There are times when it is completely appropriate to withdraw and take some time to collect yourself. But if our flight response is triggered throughout the day, we often don’t have the luxury to hide and practice self-care. It is good to develop some coping mechanisms to help us check out for just a moment and then get back to the day. One that I use often is box breathing, which is when you breathe in for four counts, hold for four counts, exhale for four counts, and hold for four counts. This helps you regain some control over your thoughts and your muscles (especially if you are prone to panic attacks.) Grounding yourself by putting your hand over your heart and speaking affirmations to yourself can help focus your mind. Make sure you’re eating and drinking when you need to. Here you can find some other suggestions for anyone who struggles with anxiety: https://adaa.org/tips

I know it feels like the world is ending, and this makes our daily stresses feel like uncontrollable chaos. It’s rough. But when we break a dish or if the dog chews up a shoe or we forget to take the trash up to the curb, it is not a threat or a disaster. Get your breath, do what you need to fight off that flight response.

We aren’t going to feel this way forever.

Taking a Hit

I get impatient with myself when I am healing and growing. I get frustrated when I don’t progress as quickly as I want. Then, I get extra rattled when I encounter something that triggers pain in those healng wounds; I feel like I regress and my already too slow progress has been undone.

I make it worse for myself when I lack grace for myself. I cause myself more pain when I don’t allow myself the space to feel what I need to feel.

Healing is not linear. Steps forward and steps back are all part of the process, and the sooner that is accepted the better the healing process will be.

In the healing process we’ll all take hits. It doesn’t have to knock us all the way back to where we were. And if it does, we already know how to find our way back to where we left off because we’ve done it before. Expect setbacks. Love yourself through them. Celebrate every small victory. Rely on the strength you’ve gained in the process.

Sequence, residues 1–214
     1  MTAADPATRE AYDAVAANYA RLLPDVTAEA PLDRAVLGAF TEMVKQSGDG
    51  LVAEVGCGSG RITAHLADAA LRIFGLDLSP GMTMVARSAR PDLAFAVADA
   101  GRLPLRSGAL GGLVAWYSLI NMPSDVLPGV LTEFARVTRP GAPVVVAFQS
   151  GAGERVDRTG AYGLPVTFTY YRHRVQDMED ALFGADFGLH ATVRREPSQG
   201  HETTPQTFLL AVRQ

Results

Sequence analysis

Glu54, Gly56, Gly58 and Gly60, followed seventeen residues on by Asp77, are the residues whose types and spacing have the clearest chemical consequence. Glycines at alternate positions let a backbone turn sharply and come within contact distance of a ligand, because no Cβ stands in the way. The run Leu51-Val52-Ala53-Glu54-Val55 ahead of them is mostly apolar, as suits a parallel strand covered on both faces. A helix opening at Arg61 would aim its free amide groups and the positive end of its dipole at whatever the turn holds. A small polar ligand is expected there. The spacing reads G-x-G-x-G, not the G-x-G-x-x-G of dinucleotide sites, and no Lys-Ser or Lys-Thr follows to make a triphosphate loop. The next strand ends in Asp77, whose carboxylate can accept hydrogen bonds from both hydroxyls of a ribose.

Our past healing paves the way for future healing.

All of It

I have not reflected theologically in quite some time. Most of the theological structures that I had in place failed me magnificently over the past 2 years. I prayed a lot. I begged for revelations, affirmations, and prophesies, none of which came.

So I am reevaluting everything. All of it. Everything involving faith and spirituality. I am starting completely over at the basics and trying to unlearn my expectations and assumptions. I am not trying to force myself to fit into any systematic theology; I am letting it all fall into place slowly, organically.

So this is my second deconstruction. I went through my first during my freshman and sophomore years of college when I left my fundamentalist upbringing.

That was a decade ago! And I thought I was lucky because I got my great deconstruction done early in my life. But no. A surprise round 2 is upon me.

Something I was able to really feel and celebrate soon after my first deconstruction was how holy everything around me was. I was experiencing so many things in my college years, and it all felt sacred. Late nights with friends. Laughter. The music we made in choir. The plays and musicals we performed in theatre. The theological study I was engaging. Traveling to another country. Chapel services. Conversations in the dining hall. The songs of the crickets and the frogs at night. The way we all took care of each other in our dorm rooms when tornados were touching down nearby. It felt like the Divine was everywhere! The whole earth was full of glory. All of it.